The controversy surrounding the re-opening of Senator Juan Ponce Enrile's logging concession in Samar island in the Philippines has once again raised the issue of people's participation in the management of natural resources and how serious the government really is in implementing this policy. On the one hand, there is the recent legal move by provincial officials in Samar challenging the decisions of Department of Environment and Natural Resources (DENR) Secretary Mike Defensor to lift the logging moratorium and extend Senator Enrile's logging permit by 16 years. According to these local officials, Secretary Defensor failed to comply with the provision of the 1991 Local Government Code making proper consultation with communities and local governments mandatory for any project or activity that could impact on people's lives. On the other hand, Senator Enrile's logging concession lies within a protected area, the Samar Island Natural Park. Based on the National Integrated Protected Areas System (NIPAS) Act governing the establishment and management of such areas, decisions on any activity within the park would have to be made by a Protected Area Management Board (PAMB) where local government units, civil society groups, communities and other stakeholders are represented. In the PAMB, DENR has only one vote.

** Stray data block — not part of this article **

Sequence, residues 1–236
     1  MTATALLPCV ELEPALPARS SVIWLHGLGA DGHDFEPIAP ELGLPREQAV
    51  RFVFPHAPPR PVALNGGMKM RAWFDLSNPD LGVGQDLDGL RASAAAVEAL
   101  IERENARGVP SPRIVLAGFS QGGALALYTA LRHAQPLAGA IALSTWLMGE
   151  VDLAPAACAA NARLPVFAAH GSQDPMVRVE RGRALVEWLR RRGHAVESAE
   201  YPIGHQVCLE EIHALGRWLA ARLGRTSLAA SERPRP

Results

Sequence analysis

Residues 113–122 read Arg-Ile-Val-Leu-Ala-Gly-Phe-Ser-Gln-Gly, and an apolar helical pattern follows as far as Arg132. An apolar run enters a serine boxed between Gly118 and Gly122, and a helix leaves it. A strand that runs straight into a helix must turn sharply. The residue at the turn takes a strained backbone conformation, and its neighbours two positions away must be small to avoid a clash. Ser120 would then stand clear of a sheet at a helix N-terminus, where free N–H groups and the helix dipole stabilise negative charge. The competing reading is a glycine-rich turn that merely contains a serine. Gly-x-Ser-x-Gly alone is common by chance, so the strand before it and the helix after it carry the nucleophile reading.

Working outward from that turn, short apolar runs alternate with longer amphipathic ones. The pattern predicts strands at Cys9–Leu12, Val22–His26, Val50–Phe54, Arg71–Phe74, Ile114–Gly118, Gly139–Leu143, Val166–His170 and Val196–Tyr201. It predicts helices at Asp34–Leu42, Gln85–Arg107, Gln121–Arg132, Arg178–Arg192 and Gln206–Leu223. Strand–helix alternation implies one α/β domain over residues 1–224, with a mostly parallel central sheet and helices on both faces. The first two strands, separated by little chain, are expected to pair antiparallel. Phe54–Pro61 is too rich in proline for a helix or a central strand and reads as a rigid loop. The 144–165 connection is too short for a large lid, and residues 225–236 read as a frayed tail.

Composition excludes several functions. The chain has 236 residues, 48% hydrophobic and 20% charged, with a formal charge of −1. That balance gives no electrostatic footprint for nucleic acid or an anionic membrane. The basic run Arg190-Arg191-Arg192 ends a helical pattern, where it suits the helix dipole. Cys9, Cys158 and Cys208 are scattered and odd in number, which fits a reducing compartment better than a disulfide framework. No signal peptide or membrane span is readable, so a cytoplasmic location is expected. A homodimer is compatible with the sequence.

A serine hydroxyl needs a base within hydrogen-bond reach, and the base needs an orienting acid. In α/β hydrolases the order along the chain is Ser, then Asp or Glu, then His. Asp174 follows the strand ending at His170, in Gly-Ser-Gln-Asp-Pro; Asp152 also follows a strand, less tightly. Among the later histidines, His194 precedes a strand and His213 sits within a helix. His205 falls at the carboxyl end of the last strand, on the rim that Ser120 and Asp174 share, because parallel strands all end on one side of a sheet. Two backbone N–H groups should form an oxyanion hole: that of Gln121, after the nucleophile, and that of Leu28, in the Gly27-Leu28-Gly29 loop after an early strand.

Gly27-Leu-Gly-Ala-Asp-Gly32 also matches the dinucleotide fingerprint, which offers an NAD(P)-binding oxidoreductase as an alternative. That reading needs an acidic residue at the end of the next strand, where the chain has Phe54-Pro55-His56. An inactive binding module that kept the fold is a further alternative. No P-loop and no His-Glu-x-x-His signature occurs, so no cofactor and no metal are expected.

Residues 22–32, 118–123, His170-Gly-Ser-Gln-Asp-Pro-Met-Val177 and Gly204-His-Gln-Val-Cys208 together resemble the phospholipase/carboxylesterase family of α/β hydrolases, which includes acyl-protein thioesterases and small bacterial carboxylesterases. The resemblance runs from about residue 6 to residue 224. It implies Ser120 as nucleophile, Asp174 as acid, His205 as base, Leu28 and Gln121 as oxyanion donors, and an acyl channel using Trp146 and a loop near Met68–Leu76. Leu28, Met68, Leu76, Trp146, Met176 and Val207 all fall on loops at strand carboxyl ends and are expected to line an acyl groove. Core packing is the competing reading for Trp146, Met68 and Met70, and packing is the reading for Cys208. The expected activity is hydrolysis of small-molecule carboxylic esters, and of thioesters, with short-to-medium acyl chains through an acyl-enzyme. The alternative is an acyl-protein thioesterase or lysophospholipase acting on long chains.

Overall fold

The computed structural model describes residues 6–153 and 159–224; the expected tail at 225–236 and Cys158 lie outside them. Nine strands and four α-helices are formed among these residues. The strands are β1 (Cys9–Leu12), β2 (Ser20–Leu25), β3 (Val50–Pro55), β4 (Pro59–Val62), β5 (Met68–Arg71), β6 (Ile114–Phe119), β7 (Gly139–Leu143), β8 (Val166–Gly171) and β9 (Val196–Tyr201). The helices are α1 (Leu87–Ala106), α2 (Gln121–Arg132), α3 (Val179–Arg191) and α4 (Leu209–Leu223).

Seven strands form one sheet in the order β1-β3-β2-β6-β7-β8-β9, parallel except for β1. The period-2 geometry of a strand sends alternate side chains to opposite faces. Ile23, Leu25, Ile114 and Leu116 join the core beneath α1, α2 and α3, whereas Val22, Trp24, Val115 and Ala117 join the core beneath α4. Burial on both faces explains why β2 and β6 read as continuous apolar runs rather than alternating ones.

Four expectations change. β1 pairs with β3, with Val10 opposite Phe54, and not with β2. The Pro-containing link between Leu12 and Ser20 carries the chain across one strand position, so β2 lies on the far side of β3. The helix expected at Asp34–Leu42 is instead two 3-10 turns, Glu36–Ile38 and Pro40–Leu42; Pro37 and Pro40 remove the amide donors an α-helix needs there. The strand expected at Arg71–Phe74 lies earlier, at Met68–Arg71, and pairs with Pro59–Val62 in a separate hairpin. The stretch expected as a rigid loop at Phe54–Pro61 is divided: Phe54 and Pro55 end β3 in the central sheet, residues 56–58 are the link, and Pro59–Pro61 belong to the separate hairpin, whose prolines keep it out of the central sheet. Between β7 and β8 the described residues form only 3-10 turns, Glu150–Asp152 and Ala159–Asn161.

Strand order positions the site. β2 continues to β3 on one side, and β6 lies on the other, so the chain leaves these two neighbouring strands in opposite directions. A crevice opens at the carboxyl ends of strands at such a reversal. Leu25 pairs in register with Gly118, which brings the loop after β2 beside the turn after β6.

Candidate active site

I remember confronting the dilemma of participation in relation to the management of protected areas in the Philippines when I was preparing my special problem at the University of the Philippines Open University. I was in the process then of critically examining the various laws and policies bearing on the management of the Mt. Isarog National Park in Camarines Sur province. At the end of my analysis, I intended to outline some recommendations towards improving the existing policy framework. And with regard to the NIPAS Act, I encountered one interesting problem: you have a national policy encouraging local and community participation while still giving DENR much operational roles and functions within the management setup. This is actually where my personal problem with the term "co-management" comes in. Co-management speaks only of who should be there in the management bodies without saying much about how large each stakeholder's role should be. In writing my special problem, my thinking straddled on two related tracks. On the one hand, "participation" ultimately means giving more management role to target groups inasmuch as it also implies building people's capacities to be able to participate effectively in the management process. Thus, I thought the policy on protected areas should have provided for a progressive process whereby community groups and local governments would take on more management responsibilities as the DENR's role decreases through the years. This was not happening on the ground.